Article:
Similarly, home ownership has dropped to its lowest level in five decades, with the decline steepest among young people. More millennialsnow live with their parents than with a partner. And when they do move out, they are often trapped into renting, often at high rates, with little chance of ever buying a house.
The Religious Slant of Ecotopia
The first feudal era was characterized by constrained class mobility, a decline of middle orders and a persistent concentration of power, first in feudal lords and later monarches. But what held Medieval society together was an attachment to common articles of religion. Catholic dogma defined and justified the ascension of the gentry and royalty, and explained in theological words both why the poor should accept their fate, and why middle-class aspirations were a threat to the moral order.
Today religion is in, pardon the pun, secular decline. Particularly in the bluest nations, it has been replaced by two new faiths. One is the green religion , now focused on climate change. The other new religion is technological determinism, the idea that there is a magical, disruptive solution to current problems, particularly with regard to nature.
Nowhere are these two religions more commingled than in Americas Ecotopia, which extends from Northern California to the Pacific Northwest and is both the home to our leading tech companies and birthplace of modern environmentalism.
Structural changes help explain this melding. Today Silicon Valley earnings have become more centered on software and media than hardware, so the constraints associated with environmental regulations, such as high energy and water expenses, had now become less important to oligarchs. At the same day many Silicon Valley companies notably Tesla/ Solar City have sought to profit from the shifting to green energy, feeding on the beneficent federal subsidies attached to it.
For these interests, the GOPs great sweep represents a bit of an unexpected setback. The federal subsidies driving some of these industries are likely to be scaled back. Used to a cozy relationship with the White House, the tech elite, with the notable exception of Peter Thiel, discovers itself on the outside appearing in.
Acolytes of the technocratic green ideology, hostile to Trump, geographically and ideologically removed from the rest of the nation and already functioning as a kind of wealthy, cossetted alt-nation, are now talking vaguely about succession. That dialogue is driven in part by apocalyptic predictions about climate change generally accepted without skepticism in media, academic and political circles.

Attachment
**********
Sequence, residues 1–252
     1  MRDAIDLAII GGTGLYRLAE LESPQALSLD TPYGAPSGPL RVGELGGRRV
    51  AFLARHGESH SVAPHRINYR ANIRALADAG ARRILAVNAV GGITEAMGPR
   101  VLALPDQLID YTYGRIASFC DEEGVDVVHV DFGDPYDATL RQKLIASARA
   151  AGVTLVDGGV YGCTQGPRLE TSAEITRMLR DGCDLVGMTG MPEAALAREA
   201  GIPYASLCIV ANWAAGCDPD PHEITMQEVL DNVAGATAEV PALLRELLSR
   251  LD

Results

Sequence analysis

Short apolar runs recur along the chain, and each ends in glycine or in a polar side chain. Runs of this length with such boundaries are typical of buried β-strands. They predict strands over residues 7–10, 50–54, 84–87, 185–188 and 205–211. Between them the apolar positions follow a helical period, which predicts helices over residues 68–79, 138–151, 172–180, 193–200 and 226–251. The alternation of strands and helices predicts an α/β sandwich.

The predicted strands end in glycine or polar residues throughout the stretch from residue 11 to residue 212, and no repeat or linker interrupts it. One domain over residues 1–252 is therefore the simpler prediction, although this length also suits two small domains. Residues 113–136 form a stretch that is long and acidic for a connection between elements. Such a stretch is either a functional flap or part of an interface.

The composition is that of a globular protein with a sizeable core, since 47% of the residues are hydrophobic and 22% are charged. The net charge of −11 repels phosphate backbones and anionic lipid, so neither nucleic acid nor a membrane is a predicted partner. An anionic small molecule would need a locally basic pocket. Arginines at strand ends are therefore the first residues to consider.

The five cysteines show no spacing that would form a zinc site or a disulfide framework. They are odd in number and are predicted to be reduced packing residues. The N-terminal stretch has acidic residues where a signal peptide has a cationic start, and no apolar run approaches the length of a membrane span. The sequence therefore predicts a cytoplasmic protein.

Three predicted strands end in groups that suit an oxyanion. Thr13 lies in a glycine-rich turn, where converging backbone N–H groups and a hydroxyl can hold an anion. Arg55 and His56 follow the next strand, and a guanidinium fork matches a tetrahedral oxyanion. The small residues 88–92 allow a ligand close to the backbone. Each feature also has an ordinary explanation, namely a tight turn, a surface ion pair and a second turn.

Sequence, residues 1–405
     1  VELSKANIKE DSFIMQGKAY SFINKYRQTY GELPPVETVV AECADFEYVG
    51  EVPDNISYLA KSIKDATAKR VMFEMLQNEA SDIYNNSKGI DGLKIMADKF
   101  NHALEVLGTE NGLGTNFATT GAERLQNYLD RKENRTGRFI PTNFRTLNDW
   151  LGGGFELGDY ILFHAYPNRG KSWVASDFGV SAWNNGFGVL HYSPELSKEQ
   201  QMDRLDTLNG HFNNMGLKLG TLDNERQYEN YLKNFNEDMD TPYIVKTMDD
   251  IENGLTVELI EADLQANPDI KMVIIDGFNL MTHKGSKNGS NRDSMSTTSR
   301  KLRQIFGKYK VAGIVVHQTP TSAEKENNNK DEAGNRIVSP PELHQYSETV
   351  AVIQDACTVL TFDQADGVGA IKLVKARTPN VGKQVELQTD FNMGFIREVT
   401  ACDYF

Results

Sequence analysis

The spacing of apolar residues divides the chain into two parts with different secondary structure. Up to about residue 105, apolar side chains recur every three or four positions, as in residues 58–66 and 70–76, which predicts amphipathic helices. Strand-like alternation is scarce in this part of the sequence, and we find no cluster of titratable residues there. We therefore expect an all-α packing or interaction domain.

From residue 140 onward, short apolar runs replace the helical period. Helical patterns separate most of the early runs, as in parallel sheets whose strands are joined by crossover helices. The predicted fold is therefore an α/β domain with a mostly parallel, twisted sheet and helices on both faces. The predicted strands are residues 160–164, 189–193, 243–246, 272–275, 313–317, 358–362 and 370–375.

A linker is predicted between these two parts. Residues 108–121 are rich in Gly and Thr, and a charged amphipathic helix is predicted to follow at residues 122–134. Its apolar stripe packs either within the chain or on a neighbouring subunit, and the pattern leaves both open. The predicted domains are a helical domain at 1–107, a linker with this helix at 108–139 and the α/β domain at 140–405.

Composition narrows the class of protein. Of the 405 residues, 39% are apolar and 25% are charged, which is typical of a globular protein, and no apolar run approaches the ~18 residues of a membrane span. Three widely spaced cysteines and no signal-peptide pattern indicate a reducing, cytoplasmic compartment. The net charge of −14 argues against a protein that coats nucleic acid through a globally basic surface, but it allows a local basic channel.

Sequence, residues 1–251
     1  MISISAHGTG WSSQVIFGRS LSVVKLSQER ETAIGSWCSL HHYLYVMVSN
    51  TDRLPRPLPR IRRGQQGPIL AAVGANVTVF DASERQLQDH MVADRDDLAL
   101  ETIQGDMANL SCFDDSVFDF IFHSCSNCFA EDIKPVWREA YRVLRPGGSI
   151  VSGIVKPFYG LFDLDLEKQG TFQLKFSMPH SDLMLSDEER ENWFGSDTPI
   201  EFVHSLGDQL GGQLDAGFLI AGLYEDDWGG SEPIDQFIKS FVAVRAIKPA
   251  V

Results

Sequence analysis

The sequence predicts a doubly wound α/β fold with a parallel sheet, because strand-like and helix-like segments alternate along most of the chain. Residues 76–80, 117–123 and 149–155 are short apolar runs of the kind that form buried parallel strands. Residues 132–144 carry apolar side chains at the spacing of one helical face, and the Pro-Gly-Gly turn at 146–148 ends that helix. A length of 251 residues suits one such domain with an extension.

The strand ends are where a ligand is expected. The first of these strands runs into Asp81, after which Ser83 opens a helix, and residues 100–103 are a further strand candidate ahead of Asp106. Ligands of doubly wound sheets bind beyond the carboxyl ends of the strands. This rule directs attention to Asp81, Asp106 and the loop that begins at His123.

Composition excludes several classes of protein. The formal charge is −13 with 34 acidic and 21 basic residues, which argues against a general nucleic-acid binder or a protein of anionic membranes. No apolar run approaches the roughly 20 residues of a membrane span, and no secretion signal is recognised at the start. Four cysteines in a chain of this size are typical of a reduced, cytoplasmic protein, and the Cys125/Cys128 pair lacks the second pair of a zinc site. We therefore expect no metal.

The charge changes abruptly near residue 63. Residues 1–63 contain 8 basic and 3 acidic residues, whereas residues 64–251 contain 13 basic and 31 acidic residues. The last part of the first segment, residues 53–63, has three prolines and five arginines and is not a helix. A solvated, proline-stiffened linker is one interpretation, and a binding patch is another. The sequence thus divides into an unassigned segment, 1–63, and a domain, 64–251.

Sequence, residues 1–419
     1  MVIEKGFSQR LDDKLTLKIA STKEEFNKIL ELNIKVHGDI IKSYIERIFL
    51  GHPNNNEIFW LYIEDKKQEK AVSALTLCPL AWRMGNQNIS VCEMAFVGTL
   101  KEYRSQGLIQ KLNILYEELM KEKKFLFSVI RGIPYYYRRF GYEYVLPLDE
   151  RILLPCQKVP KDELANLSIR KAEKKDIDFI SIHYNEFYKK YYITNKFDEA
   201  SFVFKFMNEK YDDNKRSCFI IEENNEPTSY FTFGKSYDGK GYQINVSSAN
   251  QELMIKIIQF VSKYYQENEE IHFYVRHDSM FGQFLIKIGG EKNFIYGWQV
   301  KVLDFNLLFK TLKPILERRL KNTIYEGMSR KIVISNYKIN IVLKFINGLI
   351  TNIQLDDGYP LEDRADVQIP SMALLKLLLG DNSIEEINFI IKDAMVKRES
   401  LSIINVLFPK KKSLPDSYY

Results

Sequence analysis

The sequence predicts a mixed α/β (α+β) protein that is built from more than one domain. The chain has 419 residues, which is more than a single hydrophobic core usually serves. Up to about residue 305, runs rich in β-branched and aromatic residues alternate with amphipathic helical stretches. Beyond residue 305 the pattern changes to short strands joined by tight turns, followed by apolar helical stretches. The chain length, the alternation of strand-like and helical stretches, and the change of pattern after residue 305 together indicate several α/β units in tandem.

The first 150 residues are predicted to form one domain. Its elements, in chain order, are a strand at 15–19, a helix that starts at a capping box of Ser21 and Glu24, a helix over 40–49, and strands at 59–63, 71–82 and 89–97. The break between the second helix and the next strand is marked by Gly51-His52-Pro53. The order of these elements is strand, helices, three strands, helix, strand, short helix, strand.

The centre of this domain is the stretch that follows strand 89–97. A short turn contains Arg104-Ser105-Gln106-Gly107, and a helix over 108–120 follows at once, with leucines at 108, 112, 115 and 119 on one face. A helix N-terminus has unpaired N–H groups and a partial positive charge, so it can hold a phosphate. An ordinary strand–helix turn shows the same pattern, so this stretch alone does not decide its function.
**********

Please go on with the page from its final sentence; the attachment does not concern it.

Although couched in scientism, green politics should be seen as somewhat faith-based, a craving more about piety than practical reality. Both Bjorn Lomborg and NASAs Richard Hansen, one of a very early heralds of climate change, doubt that the measures embraced by the Paris accords will prove remotely effective in reducing temperature rise. California, a recent report demonstrates. could literally fall into the ocean with no appreciable impact on global temperature, particularly given that countries like China continue to boost their coal capacity.
Most critically, the theology of green progressives will do as little good for todays middle and working class people as extreme Catholic dogma did for the medieval peasantry. Overall, according to a recent Social Science Council report, California is now the most unequal country when it comes to well being, combining stupendous, mostly coastal wealth with the highest rate of poverty in the nation, concentrated inland.
Neo-feudalism diminishes the property owning middle-class. In the Bay Area, regional governments are now seeking to limit all new development to a mere fraction of the areas land mass, all but ensure the future generations will face almost impossibly high housing prices. And a new define of state regulations, including a requirement that new homes have zero net energy use all but guarantees that homes, over day, will continue becoming ever more expensive.
The Bay Areas regional plan also says goodbye to the American dreaming, is recommended that 82 percentage of all new housing should be rental. Ultimately there will be little left for little people save for low end service jobs and benefit-less roles in the gig economy created by the oligarchs. Tech firms in the Valley employ shockingly few Latinos or African Americans, who make up barely 6 percentage, for example, of Facebooks workforce. And thats better than the average of barely 5 percentage among the leading tech firms.